I agree with the thrust of Angus Montgomery’s article (News in Depth, DW 10 December 2009) that retail brands of the future will be characterised more by digital brand experiences than by looks and logos.
Digital technology will drive retail experiences, because digital is powering the ‘experiential age’ in which we now live. Consumers are defining themselves by the experiences they can access as much as by the things they can own, and digital – via social networking, forums, peer-to-peer, You Tube and mobile – provides this access on their own terms. Successful retailers will borrow from the digital world, both strategically and tactically. The signs are already there.
My company is involved in a partnership between a major electrical retailer and a world-leading IT brand. To support computer and laptop sales, we developed software and networks delivering product information, localised pricing and, ultimately, an interactive, menu-based shopper experience directly to the screens of the promoted products, allowing direct shopper interaction while doing away with troublesome shelf strips.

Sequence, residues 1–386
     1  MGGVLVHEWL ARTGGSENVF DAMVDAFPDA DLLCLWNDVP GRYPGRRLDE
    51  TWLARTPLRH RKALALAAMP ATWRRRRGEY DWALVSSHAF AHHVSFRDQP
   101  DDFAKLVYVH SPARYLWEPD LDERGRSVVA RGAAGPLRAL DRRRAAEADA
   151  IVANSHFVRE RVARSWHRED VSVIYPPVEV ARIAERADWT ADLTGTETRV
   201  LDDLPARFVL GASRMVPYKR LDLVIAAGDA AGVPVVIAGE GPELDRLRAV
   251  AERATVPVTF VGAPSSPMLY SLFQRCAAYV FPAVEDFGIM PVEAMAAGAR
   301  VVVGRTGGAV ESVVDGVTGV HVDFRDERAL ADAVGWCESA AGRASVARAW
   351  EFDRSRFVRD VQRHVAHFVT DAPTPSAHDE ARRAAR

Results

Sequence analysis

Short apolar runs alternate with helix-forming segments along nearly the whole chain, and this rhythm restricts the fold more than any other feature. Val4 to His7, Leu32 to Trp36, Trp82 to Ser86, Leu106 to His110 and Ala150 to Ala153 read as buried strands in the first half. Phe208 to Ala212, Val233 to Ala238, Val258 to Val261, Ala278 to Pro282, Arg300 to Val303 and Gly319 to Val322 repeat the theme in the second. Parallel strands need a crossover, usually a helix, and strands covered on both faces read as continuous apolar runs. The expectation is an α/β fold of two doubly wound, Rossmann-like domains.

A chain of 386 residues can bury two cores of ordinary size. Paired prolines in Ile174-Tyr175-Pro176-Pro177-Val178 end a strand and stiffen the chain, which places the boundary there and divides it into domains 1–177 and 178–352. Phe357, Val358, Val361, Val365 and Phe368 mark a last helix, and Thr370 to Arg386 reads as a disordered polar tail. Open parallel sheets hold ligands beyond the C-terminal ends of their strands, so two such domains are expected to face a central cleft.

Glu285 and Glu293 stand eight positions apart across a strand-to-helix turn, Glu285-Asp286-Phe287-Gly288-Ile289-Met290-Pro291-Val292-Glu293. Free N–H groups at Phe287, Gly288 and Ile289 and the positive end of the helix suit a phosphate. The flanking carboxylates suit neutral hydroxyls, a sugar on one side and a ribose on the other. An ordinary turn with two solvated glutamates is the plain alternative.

The system is linked to the retailer’s SKU database – networked machines ‘calling down’ the latest product info every ten minutes. If this pilot proves a success then the system would become a differentiating component of the retail experience.
Tactically, too, promotional brand theatre has a role to play – witness Gillette’s recent launch of a male skincare and razor range in Superdrug stores. An integrated ‘retailtainment’ campaign was delivered across various platforms, including digital posters in nearby railway stations, Bluetoothed ads to mobiles, experiential marketing and in-store digital communication.
This kind of campaign – deliberately tech-savvy – helps contemporise both the Gillette brand and the Superdrug shopping experience.
Alex Johns, Managing director, Iblink, London W1